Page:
Hip-hop artist Action Bronson released his sixth studio album, “Only For Dolphins,” on Sept. 25, playing on themes of tropical luxury, psychedelic drugs and New York City.
A New York City native, Bronson has worked as a rapper, writer, chef and television host, all experiences that are reflected in his music. Bronson, a proud New Yorker, chose a contrasting tropical motif for his latest album, “Only For Dolphins.”
The album’s leading track, “Capoeira (Feat. Yung Mehico),” opens with interesting dolphin sounds leading into a saxophone solo layered over grandiose drums—all creating a sense of luxury. Furthering the track’s theme of wealth, Bronson uses the lyrics “All this marble got me feelin’ like a Roman / Pacific Ocean, to put my toes in.”
Hypnotic and dreamy, “C12H16N2” takes a groovier, slower approach than the former, mirroring the physiological effects of the titular chemical Dimethyltryptamine, better known as DMT. Bronson spotlights New York City on this track, name-dropping Lincoln Center and Tavern on The Green.
Originally released in July 2020, “Latin Grammys” pairs bluesy drums with spaced out horns to create a vibe reminiscent of New York City nightlife. I fell in love with Bronson’s flow on this track, especially with the lyrics, “My swimming trunks hold fifty racks / Don’t make me hit you with the Diddy dance.”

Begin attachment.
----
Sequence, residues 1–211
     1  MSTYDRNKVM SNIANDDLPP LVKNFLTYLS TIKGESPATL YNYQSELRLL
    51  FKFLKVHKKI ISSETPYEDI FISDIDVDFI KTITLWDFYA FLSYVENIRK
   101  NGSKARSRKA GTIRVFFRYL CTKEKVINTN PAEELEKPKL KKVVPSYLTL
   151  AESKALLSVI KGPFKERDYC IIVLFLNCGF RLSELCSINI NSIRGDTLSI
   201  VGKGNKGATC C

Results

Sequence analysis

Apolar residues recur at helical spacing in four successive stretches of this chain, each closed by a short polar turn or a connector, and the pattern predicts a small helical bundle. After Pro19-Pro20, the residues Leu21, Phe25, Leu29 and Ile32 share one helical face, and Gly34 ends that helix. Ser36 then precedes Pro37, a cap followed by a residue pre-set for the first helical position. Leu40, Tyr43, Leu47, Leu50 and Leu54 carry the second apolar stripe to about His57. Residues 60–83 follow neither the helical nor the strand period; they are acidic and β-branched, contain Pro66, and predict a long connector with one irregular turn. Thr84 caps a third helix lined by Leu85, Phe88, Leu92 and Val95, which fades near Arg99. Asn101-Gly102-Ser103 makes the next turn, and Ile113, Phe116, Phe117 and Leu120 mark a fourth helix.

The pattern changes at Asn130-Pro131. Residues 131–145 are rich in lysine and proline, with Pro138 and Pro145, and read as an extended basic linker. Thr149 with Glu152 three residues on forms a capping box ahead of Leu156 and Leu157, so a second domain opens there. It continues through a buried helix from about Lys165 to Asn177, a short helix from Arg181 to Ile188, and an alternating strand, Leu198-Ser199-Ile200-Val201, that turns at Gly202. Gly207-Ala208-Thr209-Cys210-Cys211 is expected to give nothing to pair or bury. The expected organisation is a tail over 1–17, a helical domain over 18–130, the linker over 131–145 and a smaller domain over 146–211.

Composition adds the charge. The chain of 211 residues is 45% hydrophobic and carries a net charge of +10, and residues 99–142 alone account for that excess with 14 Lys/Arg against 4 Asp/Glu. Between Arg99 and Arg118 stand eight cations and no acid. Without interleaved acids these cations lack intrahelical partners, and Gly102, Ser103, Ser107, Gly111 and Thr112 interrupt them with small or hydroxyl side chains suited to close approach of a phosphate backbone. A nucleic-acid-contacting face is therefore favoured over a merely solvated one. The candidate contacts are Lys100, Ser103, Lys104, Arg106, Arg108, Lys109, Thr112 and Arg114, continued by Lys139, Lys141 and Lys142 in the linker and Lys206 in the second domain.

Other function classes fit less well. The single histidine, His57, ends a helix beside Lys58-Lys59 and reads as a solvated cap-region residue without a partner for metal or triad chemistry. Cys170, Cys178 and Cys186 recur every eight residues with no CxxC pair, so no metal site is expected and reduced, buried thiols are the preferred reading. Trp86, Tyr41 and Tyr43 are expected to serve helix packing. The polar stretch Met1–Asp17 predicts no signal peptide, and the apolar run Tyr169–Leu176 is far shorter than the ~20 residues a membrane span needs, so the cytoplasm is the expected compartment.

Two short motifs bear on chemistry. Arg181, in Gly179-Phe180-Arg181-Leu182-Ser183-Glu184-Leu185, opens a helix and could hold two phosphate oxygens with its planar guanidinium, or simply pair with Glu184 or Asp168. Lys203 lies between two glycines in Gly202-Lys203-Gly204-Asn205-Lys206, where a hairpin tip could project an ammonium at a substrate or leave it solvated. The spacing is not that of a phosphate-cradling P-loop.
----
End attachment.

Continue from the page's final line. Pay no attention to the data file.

“Golden Eye” leads with dolphin sounds similar to those found on the album’s opening track, diverging with the introduction of a reggae beat. The jumpy pace of the track reminds me of Wendy Rene’s “After Laughter Comes Tears,” a track popularized by the trailer of “Mid90s,” a 2018 A24 film.
The album’s sixth track, “Vega,” combines a simple piano progression with monotonous drums, offering a more mysterious, stripped down vibe—a nice contrast to the rest of the album. The lyrics “As I jump from the Alfa Romeo like I was skydivin’” further brings home the album’s themes of luxury and wealth.
Ultra-‘80s-sounding “Splash” implements overdramatized, echoey vocals to advertise an imaginary fragrance by Bronson. Running just under two minutes long, the track has a sense of theatricality—an endearing quality of Bronson’s television personality.
One of my favorites, “Sergio” opens with a slow drum beat over a deep bass line and provides a melancholic take on Bronson’s life experiences. The relaxed and minimal flow of Bronson’s lyrics, “My phone blowin’ up ‘cause i been missin’ for days,” reminds me of Mac Miller’s 2018 hit, “Dunno.”
Another one of my favorites, “Hard Target” ends the album with cymbals, jazzy piano and nostalgic lyrics that all come together for a bittersweet feeling. Bronson incorporates the descriptive lyrics, “Ayo, the weed don’t even hit me like it used to / When I was youthful,” to illustrate the experience of growing up and maturing through life.
Taking into consideration the bearded, bold personality of Bronson, pulling off a tropical themed rap album was quite the feat—yet Bronson accomplished this with ease on “Only For Dolphins”. Showing obvious growth as a conceptual musical artist, Bronson has piqued my curiosity for what future life experiences will inspire his next musical offerings.